I ended up rigging a piece of safety wire with some tape around the end to snag the little guy. And it only took an hour and a half! Once all was said and done I turned the ignition key on. Seeing the blue light illuminate on the Bazzaz unit at the end of install was like conducting nuclear fusion in Los Alamos. My back was killing me, but I had won. I made friends with electricity.
The satisfaction of installing that system was off the charts for me. I’m just not good at this kind of thing and it felt great to have some success in it. Interestingly, I don’t think I would have pushed through had I not committed to write this article. Joseph at Bazzaz swore up and down I’d be able to figure it out, but that didn’t matter when I opened the box. Only a publishing deadline and the urging of a friend I secretly think I’m smarter than could get me to budge. And that’s a problem. Overcoming this brought me to a very important realization.
Irrational fear of…
I have talked to enough riders to say that a good number of us have a fear of some part of their bike. Fear is maybe a strong word. Aversion is probably better. Last month at the track I met a group of riders who simply did not want to measure hot pressures of their tires. They prescribed to the “set ‘em and forget ‘em” mantra. It’s 30/30 before the first session and then don’t think about it again until the next time the bike comes off the trailer. It’s irrational. It has no basis. Hot pressures are inarguably a better measurement and provide both more performance and a wider safety margin. Yet, neither of those were compelling enough reasons for these guys. It doesn’t make sense. But I get it.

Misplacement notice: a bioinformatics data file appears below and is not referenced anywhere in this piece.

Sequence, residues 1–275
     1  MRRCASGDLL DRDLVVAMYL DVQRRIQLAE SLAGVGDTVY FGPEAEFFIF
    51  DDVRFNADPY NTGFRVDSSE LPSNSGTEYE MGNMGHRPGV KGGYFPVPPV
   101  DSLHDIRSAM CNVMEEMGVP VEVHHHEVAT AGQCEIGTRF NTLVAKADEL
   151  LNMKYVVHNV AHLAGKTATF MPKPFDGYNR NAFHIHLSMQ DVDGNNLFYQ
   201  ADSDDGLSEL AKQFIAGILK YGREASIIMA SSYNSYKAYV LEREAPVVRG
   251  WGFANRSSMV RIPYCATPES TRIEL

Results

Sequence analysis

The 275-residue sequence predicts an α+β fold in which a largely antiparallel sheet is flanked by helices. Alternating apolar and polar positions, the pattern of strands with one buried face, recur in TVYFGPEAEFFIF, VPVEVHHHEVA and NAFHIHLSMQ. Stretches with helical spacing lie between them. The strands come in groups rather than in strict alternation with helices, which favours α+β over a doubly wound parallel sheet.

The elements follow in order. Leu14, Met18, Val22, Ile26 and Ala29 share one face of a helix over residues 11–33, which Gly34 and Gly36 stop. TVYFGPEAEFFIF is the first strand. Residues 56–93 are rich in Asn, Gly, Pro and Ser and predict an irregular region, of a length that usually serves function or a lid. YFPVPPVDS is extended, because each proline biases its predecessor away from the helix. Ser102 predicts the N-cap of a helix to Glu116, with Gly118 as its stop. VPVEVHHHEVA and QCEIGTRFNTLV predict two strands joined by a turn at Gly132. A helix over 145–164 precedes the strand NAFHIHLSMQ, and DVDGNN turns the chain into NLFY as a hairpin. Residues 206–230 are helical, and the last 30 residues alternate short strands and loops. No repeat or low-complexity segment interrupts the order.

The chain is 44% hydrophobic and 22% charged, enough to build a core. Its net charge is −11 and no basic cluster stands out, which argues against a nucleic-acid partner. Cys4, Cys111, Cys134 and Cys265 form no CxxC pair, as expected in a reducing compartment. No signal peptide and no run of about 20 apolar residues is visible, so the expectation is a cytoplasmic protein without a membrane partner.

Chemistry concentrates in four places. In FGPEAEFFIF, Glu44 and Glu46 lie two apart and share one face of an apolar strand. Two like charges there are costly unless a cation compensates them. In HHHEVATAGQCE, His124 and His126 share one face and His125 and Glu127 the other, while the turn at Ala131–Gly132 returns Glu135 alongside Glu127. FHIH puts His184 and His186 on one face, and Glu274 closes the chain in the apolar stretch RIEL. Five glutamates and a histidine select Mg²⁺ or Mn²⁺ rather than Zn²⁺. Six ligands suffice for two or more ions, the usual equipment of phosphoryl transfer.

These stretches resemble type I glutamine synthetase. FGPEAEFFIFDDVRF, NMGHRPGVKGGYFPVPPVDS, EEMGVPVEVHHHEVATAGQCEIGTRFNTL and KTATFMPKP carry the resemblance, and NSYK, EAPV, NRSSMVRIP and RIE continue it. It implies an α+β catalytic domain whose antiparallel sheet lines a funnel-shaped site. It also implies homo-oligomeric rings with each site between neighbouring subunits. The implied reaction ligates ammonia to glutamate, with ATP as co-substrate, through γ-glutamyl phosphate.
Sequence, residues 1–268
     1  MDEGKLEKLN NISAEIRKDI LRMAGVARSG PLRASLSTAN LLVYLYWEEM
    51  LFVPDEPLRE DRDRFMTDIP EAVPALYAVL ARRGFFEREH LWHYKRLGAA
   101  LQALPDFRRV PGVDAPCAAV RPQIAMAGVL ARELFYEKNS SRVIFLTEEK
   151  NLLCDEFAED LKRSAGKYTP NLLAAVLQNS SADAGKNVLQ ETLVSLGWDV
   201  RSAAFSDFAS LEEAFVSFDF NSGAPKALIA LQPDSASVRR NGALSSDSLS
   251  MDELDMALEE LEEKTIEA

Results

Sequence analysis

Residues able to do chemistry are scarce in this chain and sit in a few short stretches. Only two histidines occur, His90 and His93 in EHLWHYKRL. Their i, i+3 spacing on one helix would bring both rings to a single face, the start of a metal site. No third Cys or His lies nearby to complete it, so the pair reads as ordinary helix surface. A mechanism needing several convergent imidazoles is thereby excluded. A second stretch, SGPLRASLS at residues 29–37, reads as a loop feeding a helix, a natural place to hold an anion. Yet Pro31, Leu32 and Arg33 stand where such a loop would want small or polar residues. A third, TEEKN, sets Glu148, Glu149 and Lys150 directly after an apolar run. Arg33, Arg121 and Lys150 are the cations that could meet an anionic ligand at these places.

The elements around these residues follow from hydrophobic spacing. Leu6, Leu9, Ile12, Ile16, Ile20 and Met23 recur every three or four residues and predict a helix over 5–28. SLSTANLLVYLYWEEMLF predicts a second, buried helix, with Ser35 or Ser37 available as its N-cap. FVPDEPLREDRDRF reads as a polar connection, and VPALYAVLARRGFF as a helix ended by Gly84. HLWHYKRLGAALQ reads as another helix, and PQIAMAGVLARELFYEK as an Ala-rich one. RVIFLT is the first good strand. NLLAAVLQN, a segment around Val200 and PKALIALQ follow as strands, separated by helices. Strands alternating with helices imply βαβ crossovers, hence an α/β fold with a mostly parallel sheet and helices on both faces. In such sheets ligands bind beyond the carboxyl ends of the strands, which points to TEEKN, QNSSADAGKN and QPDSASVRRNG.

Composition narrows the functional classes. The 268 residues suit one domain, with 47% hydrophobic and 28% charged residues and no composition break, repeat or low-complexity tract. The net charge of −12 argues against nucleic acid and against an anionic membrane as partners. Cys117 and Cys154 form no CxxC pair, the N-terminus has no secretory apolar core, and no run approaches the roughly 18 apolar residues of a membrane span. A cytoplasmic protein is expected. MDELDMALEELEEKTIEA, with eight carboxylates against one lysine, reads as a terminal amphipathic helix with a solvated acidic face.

It took you a while to understand that street pressures were dangerously high for track day work. So you’ve finally got your cold pressures down and the idea of changing to hot pressures just seems like adding another variable. They say familiarity breeds contempt, but I would say it breeds complacency.